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Minimal Value Shading

  • Software:Photoshop CS6  ·
  • Difficulty:Intermediate

Artist: Sam Carr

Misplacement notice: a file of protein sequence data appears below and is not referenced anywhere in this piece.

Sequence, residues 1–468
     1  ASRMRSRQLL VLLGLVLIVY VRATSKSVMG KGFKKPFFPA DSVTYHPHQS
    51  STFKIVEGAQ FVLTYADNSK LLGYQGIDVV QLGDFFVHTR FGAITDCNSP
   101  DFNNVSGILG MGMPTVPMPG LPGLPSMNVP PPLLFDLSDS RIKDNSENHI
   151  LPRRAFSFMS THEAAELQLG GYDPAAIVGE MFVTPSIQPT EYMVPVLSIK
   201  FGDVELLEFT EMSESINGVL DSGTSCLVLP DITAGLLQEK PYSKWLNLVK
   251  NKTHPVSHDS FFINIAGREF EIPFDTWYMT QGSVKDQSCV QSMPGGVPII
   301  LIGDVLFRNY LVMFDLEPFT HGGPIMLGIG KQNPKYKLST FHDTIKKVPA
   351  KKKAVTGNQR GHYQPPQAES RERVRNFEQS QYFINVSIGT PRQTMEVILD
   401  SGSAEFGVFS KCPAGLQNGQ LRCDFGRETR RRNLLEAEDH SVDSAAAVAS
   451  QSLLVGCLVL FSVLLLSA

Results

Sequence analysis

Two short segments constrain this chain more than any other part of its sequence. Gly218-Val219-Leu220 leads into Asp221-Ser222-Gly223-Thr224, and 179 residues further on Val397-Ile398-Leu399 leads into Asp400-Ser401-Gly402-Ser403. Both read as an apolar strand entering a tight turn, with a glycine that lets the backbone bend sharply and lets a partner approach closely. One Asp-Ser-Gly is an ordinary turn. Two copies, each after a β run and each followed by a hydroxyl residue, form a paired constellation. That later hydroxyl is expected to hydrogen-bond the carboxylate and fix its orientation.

In this tutorial, I'll be walking you through the process of painting a medieval knight, and showing you how to keep your values limited and realistic. From starting with a small pencil thumbnail sketch, to drawing lines, adding values and finally colour and rendering, I'll be showing you my entire process from start to finish. This is a good process to use for professional illustration work, as you can stop at various stages along the way and let the client evaluate if the painting is heading in the right direction. The subject of this video is Minimal Value Shading. So what is minimal value shading and why would you want to use it? Minimal value shading just means using a limited value range, where your darks aren't too dark, and your lights aren't too light. Using a limited value range involves reserving your real light are darks for select areas of contrast, thus creating a sense of form and light within the image. You can use this for building strong compositions, creating depth between objects, and creating a very realistic sense of light. Setting separate limited value ranges also allows you to create a strong difference between materials within your painting. Additionally, I talk about some useful tools within Photoshop that will allow you to control your values better. I also go over a technique that will allow you to move with ease from a black and white value image to colour, in a way where you wonít wind up with a washed out painting. I hope you enjoy the video and learn some useful techniques.